Cutting Stair Stringers

The stair stringers are essentially the backbone of your staircase. Always use straight high quality pressure treated 2x12’s for stair stringers. Make sure the wood has .60 RET level if you are planning on resting the stringer on the ground. You want the crown side of the board to be on the cut side.

In order to prepare the stringers you will want to lay out one of your 2x12’s on saw horses and use a framing square and clamps to trace the outline of the stair using the information from the stair calculator. If you line up the riser height and tread depth on the framing square and align it to the stringer you will be able to find the exact angle to cut your stairs. Repeat this process along the stringer. Because the bottom step will be the ground you will find that it will be too short by the height of one tread. After the stringers have been marked you must make an adjustment. Drop the stringer by cutting off the thickness of one tread to adjust for landing on the ground. Depending on how you are attaching the top step you may need to make an additional adjustment to maintain a uniform stair design.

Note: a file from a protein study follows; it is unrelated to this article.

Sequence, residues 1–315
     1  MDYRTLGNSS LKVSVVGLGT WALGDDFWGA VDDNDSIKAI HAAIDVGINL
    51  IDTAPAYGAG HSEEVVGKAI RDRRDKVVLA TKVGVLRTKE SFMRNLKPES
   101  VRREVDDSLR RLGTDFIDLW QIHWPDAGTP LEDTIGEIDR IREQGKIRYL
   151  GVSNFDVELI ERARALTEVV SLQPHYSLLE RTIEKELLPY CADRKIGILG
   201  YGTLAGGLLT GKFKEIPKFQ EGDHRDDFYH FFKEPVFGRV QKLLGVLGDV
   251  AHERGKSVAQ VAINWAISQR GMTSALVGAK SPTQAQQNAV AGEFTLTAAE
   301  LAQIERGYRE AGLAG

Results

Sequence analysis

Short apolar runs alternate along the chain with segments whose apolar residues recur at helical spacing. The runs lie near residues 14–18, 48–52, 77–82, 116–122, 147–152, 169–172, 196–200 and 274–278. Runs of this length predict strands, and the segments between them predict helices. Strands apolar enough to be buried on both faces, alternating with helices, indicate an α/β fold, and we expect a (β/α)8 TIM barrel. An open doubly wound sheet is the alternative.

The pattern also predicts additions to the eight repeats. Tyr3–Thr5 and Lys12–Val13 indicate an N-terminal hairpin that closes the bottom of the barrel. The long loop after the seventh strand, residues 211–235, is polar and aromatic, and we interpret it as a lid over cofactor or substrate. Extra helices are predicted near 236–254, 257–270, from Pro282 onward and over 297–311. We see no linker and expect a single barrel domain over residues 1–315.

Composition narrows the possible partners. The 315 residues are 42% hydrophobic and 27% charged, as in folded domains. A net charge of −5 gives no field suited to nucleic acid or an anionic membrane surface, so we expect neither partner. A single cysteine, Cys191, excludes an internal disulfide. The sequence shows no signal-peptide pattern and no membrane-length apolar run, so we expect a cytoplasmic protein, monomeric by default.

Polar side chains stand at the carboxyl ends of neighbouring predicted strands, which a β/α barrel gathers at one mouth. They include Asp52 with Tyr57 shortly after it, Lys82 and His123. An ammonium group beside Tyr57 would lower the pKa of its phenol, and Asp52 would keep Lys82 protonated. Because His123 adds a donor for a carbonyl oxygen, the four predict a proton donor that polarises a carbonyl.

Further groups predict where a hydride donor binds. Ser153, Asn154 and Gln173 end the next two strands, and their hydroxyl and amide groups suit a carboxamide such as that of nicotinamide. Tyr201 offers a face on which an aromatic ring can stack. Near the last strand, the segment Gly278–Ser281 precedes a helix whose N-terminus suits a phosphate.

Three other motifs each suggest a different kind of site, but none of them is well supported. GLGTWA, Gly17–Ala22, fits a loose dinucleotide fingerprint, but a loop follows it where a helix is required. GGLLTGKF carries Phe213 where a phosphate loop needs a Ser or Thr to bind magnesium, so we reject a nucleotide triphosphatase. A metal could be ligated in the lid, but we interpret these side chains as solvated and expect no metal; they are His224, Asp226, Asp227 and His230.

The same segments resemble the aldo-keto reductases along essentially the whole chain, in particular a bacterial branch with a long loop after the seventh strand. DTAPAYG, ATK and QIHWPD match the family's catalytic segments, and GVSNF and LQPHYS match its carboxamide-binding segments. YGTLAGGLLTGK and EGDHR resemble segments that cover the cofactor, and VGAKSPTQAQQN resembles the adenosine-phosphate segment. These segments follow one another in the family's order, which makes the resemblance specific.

Use a circular saw to perform the cuts but do not over cut your guidelines. This will look bad and will weaken the stringer. Instead use a handsaw to finish the cut cleanly. Once one stringer has been completed and tested for accuracy you can simply use it as a template to produce the others. 

Always wear safety glasses when using power tools.

Use a circular saw to cut out the top and bottom sections of the stair stinger and each step.

Check composite decking stair stringer spacing requirements.

Use your first stair stringer as a template to trace your remaining stringers.

The stair throat must be at least 5" thick.

Use a jig saw or hand saw to complete the cut. Follow the layout lines and do not overcut.

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